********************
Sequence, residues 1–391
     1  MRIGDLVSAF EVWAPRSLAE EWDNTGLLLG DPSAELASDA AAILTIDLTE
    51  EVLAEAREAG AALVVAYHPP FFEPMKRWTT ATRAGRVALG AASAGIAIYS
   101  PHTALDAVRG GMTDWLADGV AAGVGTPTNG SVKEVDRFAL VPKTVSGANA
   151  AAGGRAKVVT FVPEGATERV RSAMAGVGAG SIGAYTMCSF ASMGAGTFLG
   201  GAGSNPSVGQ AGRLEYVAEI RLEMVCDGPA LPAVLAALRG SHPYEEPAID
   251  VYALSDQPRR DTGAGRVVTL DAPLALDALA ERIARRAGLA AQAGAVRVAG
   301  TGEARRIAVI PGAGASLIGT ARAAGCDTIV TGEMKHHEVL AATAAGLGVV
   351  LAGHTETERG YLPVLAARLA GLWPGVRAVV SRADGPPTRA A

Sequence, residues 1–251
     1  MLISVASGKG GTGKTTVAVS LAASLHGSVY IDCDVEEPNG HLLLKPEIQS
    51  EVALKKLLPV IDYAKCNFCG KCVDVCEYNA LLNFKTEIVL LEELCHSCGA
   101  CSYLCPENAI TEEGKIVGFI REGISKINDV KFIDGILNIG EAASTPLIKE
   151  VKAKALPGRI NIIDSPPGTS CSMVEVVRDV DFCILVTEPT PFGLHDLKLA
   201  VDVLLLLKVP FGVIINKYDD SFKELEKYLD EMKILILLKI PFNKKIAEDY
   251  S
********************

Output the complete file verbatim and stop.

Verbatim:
Sequence, residues 1–391
     1  MRIGDLVSAF EVWAPRSLAE EWDNTGLLLG DPSAELASDA AAILTIDLTE
    51  EVLAEAREAG AALVVAYHPP FFEPMKRWTT ATRAGRVALG AASAGIAIYS
   101  PHTALDAVRG GMTDWLADGV AAGVGTPTNG SVKEVDRFAL VPKTVSGANA
   151  AAGGRAKVVT FVPEGATERV RSAMAGVGAG SIGAYTMCSF ASMGAGTFLG
   201  GAGSNPSVGQ AGRLEYVAEI RLEMVCDGPA LPAVLAALRG SHPYEEPAID
   251  VYALSDQPRR DTGAGRVVTL DAPLALDALA ERIARRAGLA AQAGAVRVAG
   301  TGEARRIAVI PGAGASLIGT ARAAGCDTIV TGEMKHHEVL AATAAGLGVV
   351  LAGHTETERG YLPVLAARLA GLWPGVRAVV SRADGPPTRA A

Sequence, residues 1–251
     1  MLISVASGKG GTGKTTVAVS LAASLHGSVY IDCDVEEPNG HLLLKPEIQS
    51  EVALKKLLPV IDYAKCNFCG KCVDVCEYNA LLNFKTEIVL LEELCHSCGA
   101  CSYLCPENAI TEEGKIVGFI REGISKINDV KFIDGILNIG EAASTPLIKE
   151  VKAKALPGRI NIIDSPPGTS CSMVEVVRDV DFCILVTEPT PFGLHDLKLA
   201  VDVLLLLKVP FGVIINKYDD SFKELEKYLD EMKILILLKI PFNKKIAEDY
   251  S